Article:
So you know it's sharply and compellingly directed, because it's Miike, and that's where he excels; and I've already covered the writing in spades.  But really, this is a film where everything works and comes together.  The CGI might be getting a sneaky little pass, because some of the things we're seeing aren't supposed to look naturalistic.  Instead, there's this crazy stop motion/ animated quality to the spectacle that makes any potential CGI flaw work as intentional.  But the effects look pretty solid by set of standards; clearly a lot of money was spent on this film and it pays off.  The music, sound design and the crazy voices of the various, uh, toy gods, are pitch perfect and really add to the flavor of the film.  And the acting is quite solid, too, particularly the one nasty student who's delighted about all of the carnage being inflicted on his classmates.  I'm sure this film will be just too crazy (and maybe heretical) for many people to get behind, but if you can accept this film's terms, it's pretty terrific.
I guess I'll touch briefly on the notion of a sequel, too.  It's been brought up plenty online, because there's an open-ended nature to this film, and the manga comics continue on with plenty more plot.  Now, I've never read it, only summaries and description, so take this next opinion with a grain of salt.  But it sounds like the story goes too far, even undercutting some of what was good about this film, another case of comics stretching ideas too thin and taking ideas farther than they should go.  Also, apparently this film under-performed in its home country, so it's not likely we'll see a sequel, even though Miike does put in the work to set one up (there are a few, minor characters whose appearances serve no other purpose).  So sure, if a sequel pops up, I'll give it a chance and look at it; but as far as I'm concerned right now, this is a perfect bottle story that I'd be happy to see left here. 
Now, I said this film wasn't available on blu-ray "for all intents and purposes."  That's because there is technically, a Japanese blu-ray release of this film.  Apparently, it looks great and even has some cool special features.  You can pay a ton of money to get a copy right now from YesAsia.  But unfortunately, it has no English language options.  Just the original Japanese audio and optional Japanese subtitles.  So what options do we lug-headed native English speakers have?  Not much.  There's a quasi-bootleg Malaysian DVD that's out of print (the company seems to have gone under; their website is dead, though copies are still floating around sites like EBay), and there's one legitimate DVD option available from the Hong Kong label Deltamac.  That's the one we're looking at here, today.  It's Region 3, NTSC, and has English subtitles - they even subtitle the text on the screen, which is more than the version I initially caught streaming online did.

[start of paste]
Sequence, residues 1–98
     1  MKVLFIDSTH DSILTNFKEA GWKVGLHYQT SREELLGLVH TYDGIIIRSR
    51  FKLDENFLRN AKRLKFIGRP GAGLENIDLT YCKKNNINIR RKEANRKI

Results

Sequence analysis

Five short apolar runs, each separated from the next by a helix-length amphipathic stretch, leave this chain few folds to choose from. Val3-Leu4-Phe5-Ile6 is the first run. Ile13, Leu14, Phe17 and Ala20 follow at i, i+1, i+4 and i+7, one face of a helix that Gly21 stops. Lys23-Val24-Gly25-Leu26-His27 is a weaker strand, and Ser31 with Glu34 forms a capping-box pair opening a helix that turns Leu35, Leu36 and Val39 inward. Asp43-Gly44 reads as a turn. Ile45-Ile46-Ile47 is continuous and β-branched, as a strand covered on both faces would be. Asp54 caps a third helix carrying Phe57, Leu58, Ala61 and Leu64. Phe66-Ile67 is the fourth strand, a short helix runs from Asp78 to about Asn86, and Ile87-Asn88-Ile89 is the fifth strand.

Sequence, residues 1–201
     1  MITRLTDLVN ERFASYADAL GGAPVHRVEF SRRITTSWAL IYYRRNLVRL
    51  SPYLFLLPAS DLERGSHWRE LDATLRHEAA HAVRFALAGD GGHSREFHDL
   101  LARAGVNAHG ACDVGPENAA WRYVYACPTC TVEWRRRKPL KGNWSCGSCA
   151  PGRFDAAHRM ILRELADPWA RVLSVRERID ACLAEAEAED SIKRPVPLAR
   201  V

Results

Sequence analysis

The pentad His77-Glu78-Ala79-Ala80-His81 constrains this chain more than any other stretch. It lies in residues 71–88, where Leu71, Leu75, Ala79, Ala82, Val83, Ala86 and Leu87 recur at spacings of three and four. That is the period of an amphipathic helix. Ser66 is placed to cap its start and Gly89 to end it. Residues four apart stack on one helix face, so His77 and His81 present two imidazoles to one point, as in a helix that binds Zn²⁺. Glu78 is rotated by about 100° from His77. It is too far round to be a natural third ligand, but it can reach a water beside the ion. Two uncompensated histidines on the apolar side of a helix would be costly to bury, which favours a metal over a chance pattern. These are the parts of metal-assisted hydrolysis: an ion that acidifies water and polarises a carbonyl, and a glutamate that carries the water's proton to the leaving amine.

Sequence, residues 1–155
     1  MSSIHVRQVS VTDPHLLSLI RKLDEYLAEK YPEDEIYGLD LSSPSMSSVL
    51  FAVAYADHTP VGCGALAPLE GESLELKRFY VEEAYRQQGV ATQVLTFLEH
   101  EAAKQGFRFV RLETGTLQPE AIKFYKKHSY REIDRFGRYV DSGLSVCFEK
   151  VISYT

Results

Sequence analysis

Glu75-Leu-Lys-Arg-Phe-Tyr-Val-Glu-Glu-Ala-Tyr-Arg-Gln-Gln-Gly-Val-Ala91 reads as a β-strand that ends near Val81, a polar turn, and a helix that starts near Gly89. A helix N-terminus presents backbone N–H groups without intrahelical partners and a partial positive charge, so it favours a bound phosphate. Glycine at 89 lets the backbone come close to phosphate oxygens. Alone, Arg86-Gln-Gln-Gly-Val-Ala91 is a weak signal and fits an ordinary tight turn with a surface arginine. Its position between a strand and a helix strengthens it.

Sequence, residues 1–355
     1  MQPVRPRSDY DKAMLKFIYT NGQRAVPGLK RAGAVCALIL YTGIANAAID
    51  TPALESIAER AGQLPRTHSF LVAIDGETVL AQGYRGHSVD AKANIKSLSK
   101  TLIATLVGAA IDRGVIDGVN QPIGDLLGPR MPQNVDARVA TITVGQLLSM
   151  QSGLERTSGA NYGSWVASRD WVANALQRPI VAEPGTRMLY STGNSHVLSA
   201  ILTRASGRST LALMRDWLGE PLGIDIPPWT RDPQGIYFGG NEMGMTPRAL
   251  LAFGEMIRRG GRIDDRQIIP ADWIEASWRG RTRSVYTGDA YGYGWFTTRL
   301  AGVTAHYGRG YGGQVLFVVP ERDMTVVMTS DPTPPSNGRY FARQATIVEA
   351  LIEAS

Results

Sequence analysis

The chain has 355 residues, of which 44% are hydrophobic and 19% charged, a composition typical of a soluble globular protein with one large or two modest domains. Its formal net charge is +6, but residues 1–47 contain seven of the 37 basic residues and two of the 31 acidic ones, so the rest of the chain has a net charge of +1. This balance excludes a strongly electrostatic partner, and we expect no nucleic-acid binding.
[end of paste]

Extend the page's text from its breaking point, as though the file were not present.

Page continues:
It's good, but rather short of perfection.  Already, it's a standard definition DVD instead of a blu, and a single-layer DVD at that.  But since it's a 100% barebones release, they probably get away with the single layer alright.  At least it's anamorphic and in its proper 2.35:1 aspect ratio with nice colors.  As you can see in the shot above, though, it does have some interlacing, although it resolved surprisingly nicely in motion on my player.  Actually, the most distracting thing is that the subtitles look like garbage; like their resolution is too small so they're blocky and weird.  They're still readable, though; but it's something you'll notice and have to get past.

For audio, we're given the choice of Dolby Digital 5.1 and 2.0 mixes, both of which sound quite clear and strong.  The aforementioned English subtitles are optional/ removable, and there are also traditional Chinese subs as well.
So yeah, overall, it's not a bad disc, as far as plain ol' DVDs go.  And happily, you can find it quite reasonably priced on sites like EBay and Amazon.  But I'm still jealous of the native Japanese with their high-end special edition blu-rays.  We don't even get the wacky bikini trailer that totally mischaracterizes the film but is still a hoot for fans to see.  For a while, it seemed like Funimation might release this film in the US; but it's been years and the iron's gone pretty cool, so it's looking like this might be the best we get.  So stop missing out, and hey, if a better label ever wises up and gives us an HD blu with all the extras some day, it will be a pretty painless double-dip.